There’s a new-ish hashtag in town and it’s #ShellNo.
“Shell No!” is what environmental activists are saying in response to the Obama administration’s recent green lighting of Shell’s exploratory drilling in the Arctic this year, off the pristine Alaskan coast, as long as certain conditions are met.
Arctic drilling. Do we really have to go there? Where that polar bear symbol-of-climate-change resides, perched upon a shrinking patch of ice? And penguins waddle then belly-ski down hills of ice; and seals clap their slippery flippers’ and… can’t Shell be a leader and step out of its big oil comfort zone and explore cleaner energy options?
I talked to Green Diva Meg about #ShellNo in this recent GD myEARTH360 Report …
What’s so bad about a little Arctic drilling?
The Interior Department has already determined that there’s a 75 percent chance of a major oil spill in the Arctic Ocean if oil development is allowed to move forward there.
“Drilling in high-risk places like the freezing waters of the Arctic Ocean is a backwards-looking strategy when we need to look forward to meet energy needs and limit the effects of climate change.” – Trip Van Noppen, Earthjustice President
The Interior Department approved Royal Dutch Shell’s Chukchi Sea exploratory drilling plans, clearing the way for its drilling rigs to operate off Alaska for the first time since 2012 – when one Shell rig had to be scrapped after running aground off Kodiak Island and another incurred a $12 million fine for breaking maritime law.
The following is a statement by Franz Matzner, director of the Beyond Oil Initiative at the Natural Resources Defense Council:
No company deserves a license to despoil our last pristine ocean and spew massive amounts of carbon pollution into our atmosphere.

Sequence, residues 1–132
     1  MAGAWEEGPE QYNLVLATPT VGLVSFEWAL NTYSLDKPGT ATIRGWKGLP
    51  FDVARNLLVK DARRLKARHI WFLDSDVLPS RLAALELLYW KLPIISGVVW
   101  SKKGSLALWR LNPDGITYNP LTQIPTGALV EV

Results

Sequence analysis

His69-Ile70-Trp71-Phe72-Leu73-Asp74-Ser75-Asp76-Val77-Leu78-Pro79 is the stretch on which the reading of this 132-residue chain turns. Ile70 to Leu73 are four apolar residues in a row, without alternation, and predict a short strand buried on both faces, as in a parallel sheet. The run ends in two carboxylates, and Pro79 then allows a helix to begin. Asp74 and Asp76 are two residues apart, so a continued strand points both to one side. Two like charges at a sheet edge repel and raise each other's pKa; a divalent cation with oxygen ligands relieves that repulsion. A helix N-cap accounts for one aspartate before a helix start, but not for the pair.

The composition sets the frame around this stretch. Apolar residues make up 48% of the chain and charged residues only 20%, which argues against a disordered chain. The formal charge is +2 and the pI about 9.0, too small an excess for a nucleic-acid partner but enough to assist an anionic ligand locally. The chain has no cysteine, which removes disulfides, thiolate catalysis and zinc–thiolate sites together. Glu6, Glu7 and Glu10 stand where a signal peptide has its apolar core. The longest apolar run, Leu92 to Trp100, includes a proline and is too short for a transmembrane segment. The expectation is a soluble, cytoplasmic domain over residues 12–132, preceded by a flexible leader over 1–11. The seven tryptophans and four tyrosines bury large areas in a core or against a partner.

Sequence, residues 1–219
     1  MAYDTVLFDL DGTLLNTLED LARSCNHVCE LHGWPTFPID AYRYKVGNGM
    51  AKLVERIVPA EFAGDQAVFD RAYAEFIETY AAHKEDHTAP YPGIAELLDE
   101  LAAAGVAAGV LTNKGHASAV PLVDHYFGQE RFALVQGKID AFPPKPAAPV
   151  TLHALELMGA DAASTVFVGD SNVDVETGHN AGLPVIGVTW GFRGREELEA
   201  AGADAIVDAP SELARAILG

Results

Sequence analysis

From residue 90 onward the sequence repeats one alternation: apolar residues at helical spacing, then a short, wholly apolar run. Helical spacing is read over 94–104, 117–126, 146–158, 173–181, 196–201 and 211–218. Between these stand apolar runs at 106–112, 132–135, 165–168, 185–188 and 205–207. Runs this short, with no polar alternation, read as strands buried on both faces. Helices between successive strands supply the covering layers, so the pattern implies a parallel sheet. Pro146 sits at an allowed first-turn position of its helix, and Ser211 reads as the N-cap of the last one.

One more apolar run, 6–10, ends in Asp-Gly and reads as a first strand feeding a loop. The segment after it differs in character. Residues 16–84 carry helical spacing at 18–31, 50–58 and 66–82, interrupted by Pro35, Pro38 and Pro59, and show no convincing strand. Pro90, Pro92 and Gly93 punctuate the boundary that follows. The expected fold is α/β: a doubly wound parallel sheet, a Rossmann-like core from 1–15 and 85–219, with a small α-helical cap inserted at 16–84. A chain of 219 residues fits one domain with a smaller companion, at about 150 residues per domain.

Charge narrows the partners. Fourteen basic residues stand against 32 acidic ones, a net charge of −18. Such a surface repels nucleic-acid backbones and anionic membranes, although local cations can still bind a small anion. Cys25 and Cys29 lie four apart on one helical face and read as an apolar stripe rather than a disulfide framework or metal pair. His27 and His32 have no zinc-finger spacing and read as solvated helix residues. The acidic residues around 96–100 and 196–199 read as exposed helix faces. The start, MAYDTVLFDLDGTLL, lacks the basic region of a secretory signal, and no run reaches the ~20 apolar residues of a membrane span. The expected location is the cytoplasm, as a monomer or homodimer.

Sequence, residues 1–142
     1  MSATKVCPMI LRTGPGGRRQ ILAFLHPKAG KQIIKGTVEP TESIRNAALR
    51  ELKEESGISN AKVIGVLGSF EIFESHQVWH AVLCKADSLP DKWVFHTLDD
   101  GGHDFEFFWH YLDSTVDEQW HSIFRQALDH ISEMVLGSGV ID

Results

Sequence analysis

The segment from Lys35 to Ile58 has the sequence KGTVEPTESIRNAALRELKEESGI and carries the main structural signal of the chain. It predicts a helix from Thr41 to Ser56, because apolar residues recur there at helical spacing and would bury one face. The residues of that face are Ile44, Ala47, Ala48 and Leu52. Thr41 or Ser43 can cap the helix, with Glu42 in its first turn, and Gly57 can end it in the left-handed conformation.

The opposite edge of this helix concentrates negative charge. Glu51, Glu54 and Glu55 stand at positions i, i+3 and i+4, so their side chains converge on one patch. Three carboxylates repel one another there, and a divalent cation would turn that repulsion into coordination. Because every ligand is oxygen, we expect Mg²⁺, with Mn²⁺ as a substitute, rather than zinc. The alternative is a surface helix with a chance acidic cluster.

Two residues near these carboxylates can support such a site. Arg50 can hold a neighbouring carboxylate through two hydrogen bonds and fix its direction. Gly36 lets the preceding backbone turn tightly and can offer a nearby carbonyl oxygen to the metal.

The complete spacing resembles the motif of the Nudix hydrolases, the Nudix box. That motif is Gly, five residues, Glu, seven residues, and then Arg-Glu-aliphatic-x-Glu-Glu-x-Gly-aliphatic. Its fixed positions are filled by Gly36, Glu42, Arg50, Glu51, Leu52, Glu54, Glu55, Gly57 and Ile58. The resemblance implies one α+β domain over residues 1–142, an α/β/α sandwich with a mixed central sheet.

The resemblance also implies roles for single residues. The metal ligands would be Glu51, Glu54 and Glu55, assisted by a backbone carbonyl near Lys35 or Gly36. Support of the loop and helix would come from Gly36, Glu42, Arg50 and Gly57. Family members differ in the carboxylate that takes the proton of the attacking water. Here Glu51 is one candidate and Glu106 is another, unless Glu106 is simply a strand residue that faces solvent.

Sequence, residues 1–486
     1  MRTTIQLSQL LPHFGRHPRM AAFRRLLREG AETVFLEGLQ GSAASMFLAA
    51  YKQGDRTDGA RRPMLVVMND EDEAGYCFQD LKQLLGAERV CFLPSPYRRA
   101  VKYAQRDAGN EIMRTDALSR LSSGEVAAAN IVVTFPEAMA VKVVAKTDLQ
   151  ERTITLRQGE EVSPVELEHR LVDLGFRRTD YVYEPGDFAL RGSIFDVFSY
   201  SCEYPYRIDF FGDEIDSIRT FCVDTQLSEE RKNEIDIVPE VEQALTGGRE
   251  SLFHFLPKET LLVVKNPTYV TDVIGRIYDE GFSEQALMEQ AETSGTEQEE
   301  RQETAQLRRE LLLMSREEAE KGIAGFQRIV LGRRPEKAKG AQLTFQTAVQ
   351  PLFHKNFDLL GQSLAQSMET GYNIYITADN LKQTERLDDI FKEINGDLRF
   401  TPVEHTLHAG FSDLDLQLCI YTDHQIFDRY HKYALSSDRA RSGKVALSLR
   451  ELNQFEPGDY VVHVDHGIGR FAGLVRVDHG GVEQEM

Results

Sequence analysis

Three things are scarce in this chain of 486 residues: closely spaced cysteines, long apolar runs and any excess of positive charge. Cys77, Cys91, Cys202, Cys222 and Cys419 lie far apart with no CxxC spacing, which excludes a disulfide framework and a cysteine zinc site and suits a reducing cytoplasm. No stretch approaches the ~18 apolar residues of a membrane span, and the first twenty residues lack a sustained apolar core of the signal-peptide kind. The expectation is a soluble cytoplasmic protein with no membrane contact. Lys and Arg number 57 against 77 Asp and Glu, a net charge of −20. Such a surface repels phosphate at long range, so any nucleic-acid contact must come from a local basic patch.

President Obama must protect our planet and our children’s health from dangerous climate change. That should mean saying ‘no’ to Shell and ‘yes’ to clean energy alternatives.
This wrong-headed decision also will expose the Arctic to the likelihood of catastrophic spills in ice-choked waters more than 1,000 miles from a Coast Guard base and other critical clean-up infrastructure. Any major Arctic Ocean spill would be impossible to clean up.
According to Greenpeace:
The US Geological Survey estimates that around 13% of the world’s undiscovered oil could lie under the area north of the Arctic Circle… At our current oil consumption rate, that’s actually only three years’ worth of resources.
In the Arctic´s freezing conditions, oil is known to behave very differently than in lower latitudes. It takes much longer to disperse in cold water and experts suggest that there is no way to contain or clean-up oil trapped underneath large bodies of ice. Toxic traces would linger for a longer period, affecting local wildlife for longer, be transported large distances by ice floes and leave a lasting stain on this pristine environment.
Tell Secretary Jewell to protect our natural heritage, our climate and our communities by rejecting Shell’s disastrous drilling plans by signing this letter.
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— AlexSteffen (@AlexSteffen) May 19, 2015
— Democracy Now! (@democracynow) May 23, 2015
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